Researchers find that blue light exposure should be of concern to organizations, which may be able to improve employee performance by minimizing their exposure.
As many people have increased their time using computers, cell phones, and TVs during the coronavirus disease 2019 (COVID-19) pandemic, researchers have found that wearing blue light glasses just before sleeping can improve sleep and contribute to better workday productivity.
Earlier research has found that many commonly used devices emit blue light, including computer screens, smartphones, and tablets. This light can disrupt sleep, thus reducing work engagement, performance, and organizational behaviors the next day. The COVID-19 pandemic has resulted in even more dependence on these devices, as students take classes remotely and employees work from home.
According to the investigators, researchers have increasingly reported on the benefits of blue light glasses for those spending a lot of time in front of computer screens. The new study extends understanding of the circadian rhythm, a natural, internal process that regulates the sleep-wake cycle and repeats roughly every 24 hours.
“We found that wearing blue light-filtering glasses is an effective intervention to improve sleep, work engagement, task performance, and organizational citizenship behavior, and reduced counterproductive work behavior,” said Cristiano L. Guarana, PhD, in a press release. “Wearing blue light-filtering glasses creates a form of physiologic darkness, thus improving both sleep quantity and quality.”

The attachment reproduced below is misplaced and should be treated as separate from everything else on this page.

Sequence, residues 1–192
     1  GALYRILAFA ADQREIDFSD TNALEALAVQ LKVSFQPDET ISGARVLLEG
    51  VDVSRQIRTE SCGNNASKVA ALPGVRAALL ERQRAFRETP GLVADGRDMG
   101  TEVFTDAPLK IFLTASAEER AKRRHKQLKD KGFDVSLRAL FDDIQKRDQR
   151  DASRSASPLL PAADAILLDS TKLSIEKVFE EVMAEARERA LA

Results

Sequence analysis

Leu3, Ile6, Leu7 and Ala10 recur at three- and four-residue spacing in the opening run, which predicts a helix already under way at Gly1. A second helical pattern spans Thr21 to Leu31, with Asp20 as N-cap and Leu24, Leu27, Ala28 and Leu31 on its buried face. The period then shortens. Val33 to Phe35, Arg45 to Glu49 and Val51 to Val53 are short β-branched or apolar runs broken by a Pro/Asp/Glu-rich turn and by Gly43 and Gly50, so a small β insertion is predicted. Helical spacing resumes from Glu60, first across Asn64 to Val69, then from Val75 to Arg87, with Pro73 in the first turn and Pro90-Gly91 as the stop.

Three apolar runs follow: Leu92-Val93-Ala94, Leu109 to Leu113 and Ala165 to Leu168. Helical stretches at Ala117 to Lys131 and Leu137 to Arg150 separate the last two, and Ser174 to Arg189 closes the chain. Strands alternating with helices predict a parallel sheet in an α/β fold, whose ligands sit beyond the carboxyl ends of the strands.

Across 2 studies, investigators collected data from 63 company managers and 67 call center representatives measuring task performance. Participants were randomly chosen to test either blue light or placebo glasses. The researchers noted that employees who often work early mornings may have a misaligned internal clock compared with their work times. In these participants, the investigators found that blue light filtration can have a cumulative effect on key performance variables.
“In general, the effects of wearing blue-light-filtering glasses were stronger for ‘night owls’ than for ‘morning larks,’” Guarna said. “Owls tend to have sleep periods later in the day, whereas larks tend to have sleep periods early in the day. Although most of us can benefit from reducing our exposure to blue light, owl employees seem to benefit more because they encounter greater misalignments between their internal clock and the externally controlled work time.”
The authors concluded that blue light exposure should also be of concern to organizations, which may be able to improve employee performance by minimizing their exposure. Because so many workers experience the phenomenon, the authors said limiting exposure may be a viable first step for organizations to protect the circadian cycles of their employees.
Research finds that blue-light glasses improve sleep and workday productivity [news release]. EurekAlert; October 15, 2020. https://www.eurekalert.org/pub_releases/2020-10/iu-rft101420.php. Accessed November 9, 2020.